What The Story Prize Judges Had to Say About Colum McCann's Thirteen Ways of Looking

Photo by Beowulf Sheehan
When the three judges for The Story Prize make their choices, they provide citations for the books. This year's judges were Anthony Doerr, Rita Mead, and Kathryn Schulz. We include the citations in congratulatory letters we present to each finalist, along with their checks ($20,000 to the winner, $5,000 to the other two finalists). To protect the confidentiality of the judges' votes and the integrity of the process, we don't attribute citations to any particular judge.

Here's what the judges had to say about Colum McCann's Thirteen Ways of Looking:

"Part police procedural, part Ulysses, strung across the wirework of a Wallace Stevens poem, the title novella dazzles. It combines a playfulness for genre-melding with the delight of Mendelssohn’s wordplay with the author's wide-open empathy for every character—even the despicable Elliot—to open giant questions about race, aging, and especially class. And while so many layers—is the novella a retelling of Joyce’s 'The Dead'? a rumination on the culture of surveillance? do fathers bear the sins of their sons?—can be teased apart, tasted, and appreciated individually, at bottom the piece remains a gripping murder mystery, and compels a reader to consume it in a single gulp. In the three remaining stories, McCann continues to prove himself a master of sensory detail and the sentence fragment; the confrontation at the climax of 'Treaty' leaves one thrilled, nauseous, and fully-dilated. Few writers use prose this well to show how the human mind can simultaneously occupy multiple places and times."

What The Story Prize Judges Had to Say About Charles Baxter's There's Something I Want You to Do

Photo by Beowulf Sheehan
When the three judges for The Story Prize make their choices, they provide citations for the books. This year's judges were Anthony Doerr, Rita Mead, and Kathryn Schulz. We include the citations in congratulatory letters we present to each finalist, along with their checks ($20,000 to the winner, $5,000 to the other two finalists). To protect the confidentiality of the judges' votes and the integrity of the process, we don't attribute citations to any particular judge.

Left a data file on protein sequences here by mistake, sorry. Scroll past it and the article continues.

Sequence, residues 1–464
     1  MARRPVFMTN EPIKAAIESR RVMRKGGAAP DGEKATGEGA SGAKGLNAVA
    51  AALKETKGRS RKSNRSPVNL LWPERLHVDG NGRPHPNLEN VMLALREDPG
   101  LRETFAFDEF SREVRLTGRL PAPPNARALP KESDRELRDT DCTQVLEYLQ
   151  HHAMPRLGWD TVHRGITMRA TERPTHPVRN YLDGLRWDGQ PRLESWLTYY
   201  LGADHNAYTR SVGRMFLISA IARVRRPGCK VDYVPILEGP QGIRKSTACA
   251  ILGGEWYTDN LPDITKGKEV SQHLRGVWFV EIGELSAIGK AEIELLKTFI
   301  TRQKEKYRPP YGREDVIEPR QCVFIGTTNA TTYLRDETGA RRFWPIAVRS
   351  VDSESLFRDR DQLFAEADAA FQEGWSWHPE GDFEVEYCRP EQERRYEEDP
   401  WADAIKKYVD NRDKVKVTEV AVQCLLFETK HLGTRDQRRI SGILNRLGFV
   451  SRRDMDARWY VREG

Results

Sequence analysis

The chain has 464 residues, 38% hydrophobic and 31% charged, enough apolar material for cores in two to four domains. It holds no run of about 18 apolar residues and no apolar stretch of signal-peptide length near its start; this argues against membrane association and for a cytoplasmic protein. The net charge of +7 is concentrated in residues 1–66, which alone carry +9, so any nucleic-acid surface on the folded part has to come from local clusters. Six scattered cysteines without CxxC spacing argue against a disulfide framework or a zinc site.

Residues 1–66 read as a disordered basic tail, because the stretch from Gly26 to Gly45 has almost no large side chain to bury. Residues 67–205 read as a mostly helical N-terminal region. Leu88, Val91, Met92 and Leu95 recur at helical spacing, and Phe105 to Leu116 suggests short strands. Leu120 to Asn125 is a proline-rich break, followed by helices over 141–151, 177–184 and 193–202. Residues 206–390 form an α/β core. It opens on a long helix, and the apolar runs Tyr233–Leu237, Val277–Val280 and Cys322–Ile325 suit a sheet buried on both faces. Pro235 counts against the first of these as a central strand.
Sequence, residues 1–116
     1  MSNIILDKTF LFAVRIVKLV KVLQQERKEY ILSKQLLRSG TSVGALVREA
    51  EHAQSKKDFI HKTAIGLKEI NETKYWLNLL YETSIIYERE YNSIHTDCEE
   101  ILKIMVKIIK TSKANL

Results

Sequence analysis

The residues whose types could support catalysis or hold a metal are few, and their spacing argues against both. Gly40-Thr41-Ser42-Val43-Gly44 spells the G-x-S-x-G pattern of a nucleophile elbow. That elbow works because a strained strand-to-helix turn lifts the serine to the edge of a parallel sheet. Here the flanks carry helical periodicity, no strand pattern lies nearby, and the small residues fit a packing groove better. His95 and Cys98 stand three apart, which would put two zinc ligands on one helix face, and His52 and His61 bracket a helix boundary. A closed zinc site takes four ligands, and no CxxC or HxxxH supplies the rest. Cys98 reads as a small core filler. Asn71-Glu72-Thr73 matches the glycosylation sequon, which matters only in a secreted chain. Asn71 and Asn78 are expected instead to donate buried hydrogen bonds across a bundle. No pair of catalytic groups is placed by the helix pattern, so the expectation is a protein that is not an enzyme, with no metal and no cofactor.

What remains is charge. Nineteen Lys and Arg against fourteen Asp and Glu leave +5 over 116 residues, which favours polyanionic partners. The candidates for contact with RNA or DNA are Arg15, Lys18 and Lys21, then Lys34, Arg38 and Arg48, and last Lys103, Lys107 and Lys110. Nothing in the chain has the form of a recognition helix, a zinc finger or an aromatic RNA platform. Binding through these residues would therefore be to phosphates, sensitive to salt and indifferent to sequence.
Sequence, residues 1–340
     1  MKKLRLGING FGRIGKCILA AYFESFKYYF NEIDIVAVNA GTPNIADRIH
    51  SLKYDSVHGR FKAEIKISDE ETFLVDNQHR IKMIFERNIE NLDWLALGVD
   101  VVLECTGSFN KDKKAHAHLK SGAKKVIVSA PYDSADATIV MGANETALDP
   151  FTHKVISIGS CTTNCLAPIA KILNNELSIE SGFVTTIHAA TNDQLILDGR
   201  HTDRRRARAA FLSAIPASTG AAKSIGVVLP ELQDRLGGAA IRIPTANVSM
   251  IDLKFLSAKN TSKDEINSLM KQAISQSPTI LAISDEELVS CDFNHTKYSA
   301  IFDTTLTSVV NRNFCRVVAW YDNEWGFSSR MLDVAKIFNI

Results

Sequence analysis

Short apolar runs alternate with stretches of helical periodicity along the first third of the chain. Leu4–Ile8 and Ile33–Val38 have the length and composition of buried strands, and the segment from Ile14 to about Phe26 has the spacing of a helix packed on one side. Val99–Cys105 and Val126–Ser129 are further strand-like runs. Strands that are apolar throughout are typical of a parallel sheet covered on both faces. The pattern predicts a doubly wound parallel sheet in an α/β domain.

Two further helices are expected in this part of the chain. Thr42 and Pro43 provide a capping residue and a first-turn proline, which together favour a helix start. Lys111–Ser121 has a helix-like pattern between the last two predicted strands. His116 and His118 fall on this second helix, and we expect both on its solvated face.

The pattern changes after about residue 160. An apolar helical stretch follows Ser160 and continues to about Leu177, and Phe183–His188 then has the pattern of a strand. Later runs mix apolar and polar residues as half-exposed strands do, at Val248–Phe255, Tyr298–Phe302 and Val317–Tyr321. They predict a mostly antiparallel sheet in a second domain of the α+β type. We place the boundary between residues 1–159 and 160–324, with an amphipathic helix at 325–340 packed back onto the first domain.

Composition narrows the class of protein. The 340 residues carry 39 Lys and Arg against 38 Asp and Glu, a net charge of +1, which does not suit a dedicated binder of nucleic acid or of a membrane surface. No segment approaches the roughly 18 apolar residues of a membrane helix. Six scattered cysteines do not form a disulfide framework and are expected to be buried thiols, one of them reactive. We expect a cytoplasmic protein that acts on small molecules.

Here's what The Story Prize judges had to say about Charles Baxter's There's Something I Want You to Do:
“There’s a strange and very appealing unpredictability to Baxter’s imagination. He excels at menace, and he executes amazing leaps in time in these stories, like a DVD skipping forward through whole scenes. Best of all, he wrestles with huge stuff: faith, abortion, love, aging, kindness, the countervailing and intertwined forces of beauty and death. Elijah is a wonderful character: hungry, kind, and transcendent. I loved being in his company, and watching him reappear from time to time in the stories. The strong connections between and among stories amplify the significance of each profound and profane moment, all of which become part of a larger canvas of human experience.”

Wednesday, March 2, 2016

Adam Johnson's Fortune Smiles is the 12th Winner of The Story Prize

Adam Johnson, winner of The Story Prize
(photo © Beowulf Sheehan)
We're pleased to announce that Adam Johnson's Fortune Smiles, published by Random House, is the winner of The Story Prize for books published in 2015. Johnson becomes the first author ever to win the National Book Award for fiction and The Story Prize for the same book—and he's also the first author to have won The Story Prize, the Pulitzer prize, and the National Book Award. He won the National Book Award for Fortune Smiles in November 2015, and the Pulitzer in 2013 for his novel, The Orphan Master's Son.

The other finalists—winners of numerous awards themselves—were authors Charles Baxter for There’s Something I Want You to Do (Pantheon) and Colum McCann for Thirteen Ways of Looking (Random House). At the event at The New School, all three finalists read from and discussed their work on-stage. As runners-up, Baxter and McCann each received $5,000.

In the days and weeks to come, we'll post the judges' citations for the three books, photos from the event and after party, and a link to the video.

Saturday, January 30, 2016

The Story Prize Long List for Collections Published in 2015


We received 100 short story collections as entries for The Story Prize in 2015. Beyond the three finalists and the winner of The Story Prize Spotlight Award, here's a long list of some other collections that particularly stood out for us:


It's very difficult to narrow this list down to a reasonable length. Every author who published a short story collection in 2015 deserves a great deal of credit, and at least a dozen other books we read could easily have been included.

We'll announce the winner of The Story Prize at an event co-sponsored with The New School's Creative Writing program at the Auditorium at 66 W. 12 Street on March 2. At the event, finalists Charles Baxter, Adam Johnson, and Colum McCann will read from and discuss their work. You can buy tickets in advance online or that night at the box office.